Columbus Riders May Pay More To Catch Fewer Buses

February 10, 1991|By James M. Coram | James M. Coram,Staff writer

Faced with a $253,000 shortfall, Columbia's bus system wants to increase fares, eliminate some routes and streamline others to reduce travel times.

The proposal, which the Columbia Association presented to a standing-room-only crowd at the Hawthorne neighborhood center Feb. 7, would eliminate service to 5 percent of ColumBus riders, but would provide "faster, more efficient service" to the other 95 percent,supporters say.

The system would be scaled down to three routes serving east and west Columbia every 45 minutes and one route serving Ellicott City every 90 minutes. The four buses would operate from 6:30 a.m. to 6 p.m.on weekdays and 10 a.m. to 5 p.m. on Saturdays.

All village centers would be served, as would Howard County General Hospital, the Columbia Freestate Health System, Howard Community College, The Mall in Columbia, Dobbin Center, and the county office complex in Ellicott City.

In addition, buses also would stop at three senior citizen housing complexes and the Florence Bain senior citizens' center.

Faresfor children, senior citizens and disabled persons would increase 15cents per ride to 75 cents during peak hours and 60 cents during non-peak hours. Adult fares would increase 25 cents to $1.00.

Predictably, ColumBus riders served by the new routes praised the plan at Thursday night's hearing, while those losing service -- people who livein low-density areas -- opposed it.

Speakers -- some elderly or disabled -- were polite and soft-spoken as they told the association'sboard of directors how the proposed changes would affect their lives.

Only once did they show strong emotion. They burst into applauseas one rider affectionately mentioned every ColumBus driver by name,describing the extra lengths to which they go to serve passengers, especially the disabled.

"It is unfortunate that 5 percent of our riders will no longer be able to make use of the service," said Jacqueline Dewey, the association's vice president in charge of community services, "but given the loss of income ($253,000 in state and federalmoney), we had to strike a balance between what we could afford and improve."

Like Dewey, county transportation coordinator Louis H. Pinkney expressed concern about riders who would be excluded under theplan, saying "we still need to look closely at the people who have to walk too far" to be serviced by the new routes.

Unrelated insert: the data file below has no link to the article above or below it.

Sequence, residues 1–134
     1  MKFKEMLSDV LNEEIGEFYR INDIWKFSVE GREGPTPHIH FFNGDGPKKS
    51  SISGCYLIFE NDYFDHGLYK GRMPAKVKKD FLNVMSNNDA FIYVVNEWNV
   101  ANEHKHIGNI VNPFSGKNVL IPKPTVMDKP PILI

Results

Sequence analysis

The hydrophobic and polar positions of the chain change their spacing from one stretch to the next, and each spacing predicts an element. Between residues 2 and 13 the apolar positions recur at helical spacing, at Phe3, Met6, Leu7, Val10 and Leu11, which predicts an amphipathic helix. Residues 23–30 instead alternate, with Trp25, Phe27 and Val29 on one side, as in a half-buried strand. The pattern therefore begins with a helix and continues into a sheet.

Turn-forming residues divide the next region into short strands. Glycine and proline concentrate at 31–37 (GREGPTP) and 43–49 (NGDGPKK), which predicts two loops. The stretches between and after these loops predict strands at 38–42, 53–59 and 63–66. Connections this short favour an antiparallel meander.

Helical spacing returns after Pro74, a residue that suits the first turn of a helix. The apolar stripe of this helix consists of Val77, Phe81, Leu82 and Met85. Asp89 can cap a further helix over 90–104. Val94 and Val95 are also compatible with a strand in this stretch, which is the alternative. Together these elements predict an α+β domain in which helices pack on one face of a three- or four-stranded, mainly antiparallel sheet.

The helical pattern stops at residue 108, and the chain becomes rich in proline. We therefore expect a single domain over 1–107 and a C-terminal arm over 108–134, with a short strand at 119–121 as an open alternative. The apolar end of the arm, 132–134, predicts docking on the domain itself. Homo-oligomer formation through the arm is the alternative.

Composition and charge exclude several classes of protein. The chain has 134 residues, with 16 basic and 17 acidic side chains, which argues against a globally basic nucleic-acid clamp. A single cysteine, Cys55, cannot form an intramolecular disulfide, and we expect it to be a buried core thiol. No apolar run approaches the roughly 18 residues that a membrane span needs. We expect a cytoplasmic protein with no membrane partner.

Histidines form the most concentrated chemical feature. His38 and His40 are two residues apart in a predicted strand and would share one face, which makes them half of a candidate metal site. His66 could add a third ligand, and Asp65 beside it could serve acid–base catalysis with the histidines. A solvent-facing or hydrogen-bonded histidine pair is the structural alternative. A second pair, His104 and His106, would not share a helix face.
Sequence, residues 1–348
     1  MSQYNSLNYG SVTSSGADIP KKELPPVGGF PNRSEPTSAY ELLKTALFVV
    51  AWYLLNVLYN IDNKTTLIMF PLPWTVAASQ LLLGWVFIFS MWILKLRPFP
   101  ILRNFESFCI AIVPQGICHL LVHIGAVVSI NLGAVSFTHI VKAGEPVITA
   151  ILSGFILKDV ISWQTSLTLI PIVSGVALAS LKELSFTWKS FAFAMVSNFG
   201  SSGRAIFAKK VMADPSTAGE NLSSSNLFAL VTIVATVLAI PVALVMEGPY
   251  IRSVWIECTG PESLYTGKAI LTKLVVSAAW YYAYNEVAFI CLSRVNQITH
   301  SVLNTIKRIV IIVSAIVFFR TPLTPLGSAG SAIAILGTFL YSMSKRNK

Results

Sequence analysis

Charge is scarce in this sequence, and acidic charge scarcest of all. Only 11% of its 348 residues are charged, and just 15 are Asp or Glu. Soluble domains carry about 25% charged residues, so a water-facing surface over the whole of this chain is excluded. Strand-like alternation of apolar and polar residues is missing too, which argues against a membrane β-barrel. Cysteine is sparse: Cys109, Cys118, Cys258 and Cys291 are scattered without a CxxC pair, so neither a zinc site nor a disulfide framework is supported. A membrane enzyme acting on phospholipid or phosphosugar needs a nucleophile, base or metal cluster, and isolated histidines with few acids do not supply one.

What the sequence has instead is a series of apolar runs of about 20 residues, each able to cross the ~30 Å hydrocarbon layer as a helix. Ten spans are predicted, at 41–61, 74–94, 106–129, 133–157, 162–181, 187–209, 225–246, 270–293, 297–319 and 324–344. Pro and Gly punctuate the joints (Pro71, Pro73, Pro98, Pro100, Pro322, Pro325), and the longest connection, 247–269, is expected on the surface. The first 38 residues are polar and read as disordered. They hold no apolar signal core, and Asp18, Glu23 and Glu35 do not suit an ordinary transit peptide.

Still, "a transportation system can't be all things to all people," Pinkney said. "When you have limited resources to make improvements, you have to make them for the greatest number of people."

Despite the curtailing ofsome routes, Pinkney called the proposal "a step forward in the progress and maturation of ColumBus." He and Dewey agreed that the reduction in time between trips would be "a big improvement." In the past, riders have had to sometimes wait as long as two hours.

Pinkney also praised the plan for shortening the trips for riders, allowing them to go directly to medical facilities and places like Dobbin Center without stopping by the mall first. Overall, "the plan serves the high-density area of the county pretty well," Pinkney said.

Until 1989, the Columbia Association, an organization that owns and operates recreational facilities in Columbia, was solely responsible for bus service. Since then, the association has continued to operate the system as a subcontractor for the county government.

Under the proposalaired Thursday night, ColumBus could anticipate receiving $760,000 for the coming fiscal year -- $122,000 from fares, $90,000 from the county, and $548,000 in state and federal aid.

With expenses expected to amount to $878,000, the Columbia Association would have to makeup the $118,000 difference.

After the association's board of directors decides later this month how much to budget for ColumBus, the county's transportation board will conduct public hearings in March onthe proposed new routes and fare increases.

If the transportationboard accepts the plan, it will be sent to the state's public service commission for approval, which would be May 1 at the earliest. Onceapproved, ColumBus would begin the new routes and fares immediately,Dewey said.

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